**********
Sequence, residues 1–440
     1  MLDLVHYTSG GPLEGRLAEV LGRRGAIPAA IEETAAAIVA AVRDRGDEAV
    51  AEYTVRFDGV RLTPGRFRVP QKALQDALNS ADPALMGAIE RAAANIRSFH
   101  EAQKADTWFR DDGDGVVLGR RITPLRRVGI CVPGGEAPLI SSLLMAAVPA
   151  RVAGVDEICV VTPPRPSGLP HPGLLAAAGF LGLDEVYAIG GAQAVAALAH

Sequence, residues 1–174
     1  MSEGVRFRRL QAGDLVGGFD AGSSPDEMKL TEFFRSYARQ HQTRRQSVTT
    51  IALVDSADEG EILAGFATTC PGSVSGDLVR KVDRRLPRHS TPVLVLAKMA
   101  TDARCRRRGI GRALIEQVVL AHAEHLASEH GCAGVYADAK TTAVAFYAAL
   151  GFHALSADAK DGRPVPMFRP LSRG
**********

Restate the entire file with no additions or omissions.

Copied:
Sequence, residues 1–440
     1  MLDLVHYTSG GPLEGRLAEV LGRRGAIPAA IEETAAAIVA AVRDRGDEAV
    51  AEYTVRFDGV RLTPGRFRVP QKALQDALNS ADPALMGAIE RAAANIRSFH
   101  EAQKADTWFR DDGDGVVLGR RITPLRRVGI CVPGGEAPLI SSLLMAAVPA
   151  RVAGVDEICV VTPPRPSGLP HPGLLAAAGF LGLDEVYAIG GAQAVAALAH

Sequence, residues 1–174
     1  MSEGVRFRRL QAGDLVGGFD AGSSPDEMKL TEFFRSYARQ HQTRRQSVTT
    51  IALVDSADEG EILAGFATTC PGSVSGDLVR KVDRRLPRHS TPVLVLAKMA
   101  TDARCRRRGI GRALIEQVVL AHAEHLASEH GCAGVYADAK TTAVAFYAAL
   151  GFHALSADAK DGRPVPMFRP LSRG